This is a deceptively simple book that takes slices from the life of creator Pascal Girard’s life that all revolve around his younger brother, who died as a child. Girard’s cartooning takes form in simple scrawls, but the childlike renderings hint at the young man who lives inside Girard and has since his brother died.
Each simple line is an utterance by someone hidden trying to express himself and his anger but unable to focus in on what exactly his emotions spring from. Clearly, they sprouted from the death of his brother, but the reality of that death is so complex and without a center — there is no blame to go around — that anger can only be expressed without a target.
Girard tells his own story with clarity, never letting himself off the hook easily, nor coming down too hard on himself. He has patience for his own life — and if he doesn’t, who will?
Girard must let his story — and his self-examination — unfold in vignettes. Rather than intricately going over the sweeping psychology of the incident and his life after, he focuses in on the little moments that speak to the larger truths. Particularly sad are the moments just after Nicolas’ death, where, as a young boy, Girard can’t possibly live up to the grief that is no doubt expected of him.
He doesn’t quite understand the big deal, and he expresses that confusion with a kid’s nonchalance and self-indulgence. As the years wear on, we see how the whole of growing up becomes a prolonged kind of grieving for Girard, an elongated process that includes the creation of this book as part of it. Originally published 10 years ago, Girard has added an afterword to this new edition that traces even further how Nicolas affects Girard’s current relationships and his own psyche.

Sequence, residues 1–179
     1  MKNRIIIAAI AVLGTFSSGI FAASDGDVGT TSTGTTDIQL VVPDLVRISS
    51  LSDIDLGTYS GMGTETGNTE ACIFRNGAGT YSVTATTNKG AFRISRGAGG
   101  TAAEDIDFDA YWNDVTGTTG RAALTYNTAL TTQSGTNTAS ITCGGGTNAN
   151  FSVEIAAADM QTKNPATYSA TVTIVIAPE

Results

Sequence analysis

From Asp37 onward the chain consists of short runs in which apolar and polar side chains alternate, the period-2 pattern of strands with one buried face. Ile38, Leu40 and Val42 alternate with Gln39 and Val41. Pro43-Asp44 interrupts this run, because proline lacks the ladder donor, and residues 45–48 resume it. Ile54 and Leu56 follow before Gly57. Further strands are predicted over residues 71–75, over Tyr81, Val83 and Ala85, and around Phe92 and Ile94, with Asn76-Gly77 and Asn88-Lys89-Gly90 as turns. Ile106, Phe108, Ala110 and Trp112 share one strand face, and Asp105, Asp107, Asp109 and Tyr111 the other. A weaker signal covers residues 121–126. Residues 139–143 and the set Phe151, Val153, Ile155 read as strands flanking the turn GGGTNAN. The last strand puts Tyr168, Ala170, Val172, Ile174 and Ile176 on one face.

The Bible is renowned for many things, and one of them is all those “begats.” The word “begat” is used 142 times, many of them in the Book of Genesis, and that’s where Gilbert Hernandez’s The Garden Of Flesh comes in. Each “begat” stands for a time Biblical characters had sex, and with this slim volume, Hernandez makes those moments at least as important as any other in the stories of Adam and Eve, Cain and Abel, and Noah, and sometimes mixes the two together. Eve is tempted because the Devil has sex with her, for instance.
The art is rendered in that clear style Hernandez is renowned for and, as such, this is one of the least erotic, most comical pornographic works you’ll encounter. But pornography at its core can be pretty comical, as can the Bible, so this seems like a reasonable enough marriage. And even if you’re not really into hardcore depictions of Bible stories — I remember this was a recurring idea on Al Goldstein’s public access show in New York City in the 1980s — you can at least approve of the existence of such a work, with Hernandez undercutting the sanctity of the Old Testament stories by plainly depicting the smut that is already implied.
The Bible offers much room for sequels, though I’m not sure any are necessary. The point is taken.